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Corpus Pragmatics

, Volume 2, Issue 1, pp 83–105 | Cite as

“Thank bloody God it’s Friday”: A Local Grammar of Thanking

Original Paper

Abstract

This paper presents a local grammar of thanking in English, aiming to further demonstrate the feasibility of using a local grammar approach to account for speech acts and also to contribute to the on-going development of corpus pragmatics. The corpus used for the study is compiled of those texts categorised as ‘Spoken—conversation’ in the British National Corpus. Conventionalised realisations of thanking are identified and used as search terms to retrieve automatically instances of thanking. The retrieved instances are then manually examined to make sure that all instances to be analysed have the illocutionary force of thanking. The subsequent analyses suggest 7 functional labels that are needed for a local grammar description of gratitude expressions and identify 29 local grammar patterns. The implications and applications of research on local grammars of speech acts are discussed. It is concluded that local grammars can contribute substantially to the description of speech act realisations, and therefore more research on local grammars of speech acts are desirable and valuable.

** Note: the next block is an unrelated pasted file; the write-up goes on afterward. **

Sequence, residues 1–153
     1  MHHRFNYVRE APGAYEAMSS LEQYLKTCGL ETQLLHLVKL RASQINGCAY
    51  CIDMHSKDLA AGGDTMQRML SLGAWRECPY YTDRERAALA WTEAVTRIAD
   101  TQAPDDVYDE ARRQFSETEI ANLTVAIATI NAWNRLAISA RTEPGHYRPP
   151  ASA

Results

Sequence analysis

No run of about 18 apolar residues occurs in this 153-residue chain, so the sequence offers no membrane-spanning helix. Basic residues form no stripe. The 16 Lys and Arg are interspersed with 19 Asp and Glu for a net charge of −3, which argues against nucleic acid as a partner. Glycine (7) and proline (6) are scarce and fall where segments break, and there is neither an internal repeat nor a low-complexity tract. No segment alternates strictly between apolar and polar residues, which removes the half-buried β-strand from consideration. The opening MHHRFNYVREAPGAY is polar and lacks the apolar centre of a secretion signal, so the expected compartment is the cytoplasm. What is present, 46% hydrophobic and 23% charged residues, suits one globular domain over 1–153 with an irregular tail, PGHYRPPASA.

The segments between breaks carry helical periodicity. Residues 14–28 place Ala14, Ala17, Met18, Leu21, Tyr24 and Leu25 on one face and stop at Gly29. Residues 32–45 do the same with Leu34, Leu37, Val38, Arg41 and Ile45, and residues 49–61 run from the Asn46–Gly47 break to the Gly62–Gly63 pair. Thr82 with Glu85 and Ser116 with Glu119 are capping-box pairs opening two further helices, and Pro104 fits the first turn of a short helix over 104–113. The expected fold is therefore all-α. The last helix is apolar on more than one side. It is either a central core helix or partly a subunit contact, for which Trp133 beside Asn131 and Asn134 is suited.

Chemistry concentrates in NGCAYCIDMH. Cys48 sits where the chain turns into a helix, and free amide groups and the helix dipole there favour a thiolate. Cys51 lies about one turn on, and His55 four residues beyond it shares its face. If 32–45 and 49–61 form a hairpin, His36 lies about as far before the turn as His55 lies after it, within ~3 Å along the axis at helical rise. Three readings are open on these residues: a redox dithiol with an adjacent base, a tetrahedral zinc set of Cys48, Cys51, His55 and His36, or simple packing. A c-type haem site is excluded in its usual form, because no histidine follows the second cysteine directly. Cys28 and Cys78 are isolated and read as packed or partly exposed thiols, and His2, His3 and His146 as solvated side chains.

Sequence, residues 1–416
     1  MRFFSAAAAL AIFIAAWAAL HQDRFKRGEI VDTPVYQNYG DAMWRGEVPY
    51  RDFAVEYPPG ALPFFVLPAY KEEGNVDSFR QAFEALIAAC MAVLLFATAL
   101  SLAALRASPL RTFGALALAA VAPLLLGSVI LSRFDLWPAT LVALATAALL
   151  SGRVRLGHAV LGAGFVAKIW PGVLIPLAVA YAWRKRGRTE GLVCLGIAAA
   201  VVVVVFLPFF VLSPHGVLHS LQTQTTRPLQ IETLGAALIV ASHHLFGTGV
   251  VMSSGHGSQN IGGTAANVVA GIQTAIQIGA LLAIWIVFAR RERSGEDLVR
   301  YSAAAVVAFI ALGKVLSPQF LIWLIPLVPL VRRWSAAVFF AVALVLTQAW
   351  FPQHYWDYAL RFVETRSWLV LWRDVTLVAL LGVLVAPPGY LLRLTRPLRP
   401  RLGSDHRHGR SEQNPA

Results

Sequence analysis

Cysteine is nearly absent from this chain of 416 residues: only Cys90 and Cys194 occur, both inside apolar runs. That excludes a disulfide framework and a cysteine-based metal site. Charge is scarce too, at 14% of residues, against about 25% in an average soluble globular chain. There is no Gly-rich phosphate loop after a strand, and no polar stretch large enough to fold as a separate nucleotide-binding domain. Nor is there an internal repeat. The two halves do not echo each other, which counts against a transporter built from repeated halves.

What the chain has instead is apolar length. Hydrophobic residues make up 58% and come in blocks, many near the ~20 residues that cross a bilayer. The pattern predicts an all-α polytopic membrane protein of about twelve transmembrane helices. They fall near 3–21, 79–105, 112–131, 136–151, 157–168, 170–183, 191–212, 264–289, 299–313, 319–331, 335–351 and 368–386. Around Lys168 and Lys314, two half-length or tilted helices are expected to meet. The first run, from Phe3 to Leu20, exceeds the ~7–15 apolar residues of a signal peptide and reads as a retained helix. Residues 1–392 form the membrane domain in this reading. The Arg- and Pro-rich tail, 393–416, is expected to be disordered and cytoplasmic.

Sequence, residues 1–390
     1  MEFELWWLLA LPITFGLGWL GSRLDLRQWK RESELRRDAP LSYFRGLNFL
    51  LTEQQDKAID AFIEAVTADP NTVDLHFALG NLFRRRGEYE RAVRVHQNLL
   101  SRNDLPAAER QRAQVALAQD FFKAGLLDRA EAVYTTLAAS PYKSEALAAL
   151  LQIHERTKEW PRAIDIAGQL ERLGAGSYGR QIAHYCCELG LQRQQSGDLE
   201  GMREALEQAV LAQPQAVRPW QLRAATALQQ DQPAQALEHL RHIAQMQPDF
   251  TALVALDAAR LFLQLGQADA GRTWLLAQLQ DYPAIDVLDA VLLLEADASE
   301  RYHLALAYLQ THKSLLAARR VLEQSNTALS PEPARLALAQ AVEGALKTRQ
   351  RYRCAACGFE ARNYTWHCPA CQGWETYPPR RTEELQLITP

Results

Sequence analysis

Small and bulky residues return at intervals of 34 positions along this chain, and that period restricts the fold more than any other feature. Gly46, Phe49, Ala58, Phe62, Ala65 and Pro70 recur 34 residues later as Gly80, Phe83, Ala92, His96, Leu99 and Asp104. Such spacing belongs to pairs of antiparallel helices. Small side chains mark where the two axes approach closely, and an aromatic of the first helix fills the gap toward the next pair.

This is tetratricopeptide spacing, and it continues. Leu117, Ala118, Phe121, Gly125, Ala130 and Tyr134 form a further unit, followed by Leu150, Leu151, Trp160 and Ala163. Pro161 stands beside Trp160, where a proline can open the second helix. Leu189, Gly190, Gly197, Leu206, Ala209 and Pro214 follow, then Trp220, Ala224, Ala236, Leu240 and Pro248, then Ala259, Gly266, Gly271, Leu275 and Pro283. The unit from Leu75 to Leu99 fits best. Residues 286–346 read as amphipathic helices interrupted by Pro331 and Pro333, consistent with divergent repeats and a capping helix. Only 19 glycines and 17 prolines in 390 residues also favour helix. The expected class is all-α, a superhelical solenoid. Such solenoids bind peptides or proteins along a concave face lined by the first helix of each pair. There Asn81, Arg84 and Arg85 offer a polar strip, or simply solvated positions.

Keywords

Speech acts Local grammar Thanking Corpus pragmatics 

Introduction

This paper reports findings from a research project which extends the concept of local grammar (see “Local Grammar and Speech Act Studies” section) to speech act studies (Su 2017; Su and Wei forthcoming). The purpose of the project is to develop a set of local grammars to account more adequately for speech act realisations, and ultimately to contribute to the on-going development of corpus pragmatics. The rationale of this project relates to Butler’s (2004: 158) argument that “rather than a single general grammar, we might end up with a set of local grammars for particular areas defined by their communicative functions in the discourse”.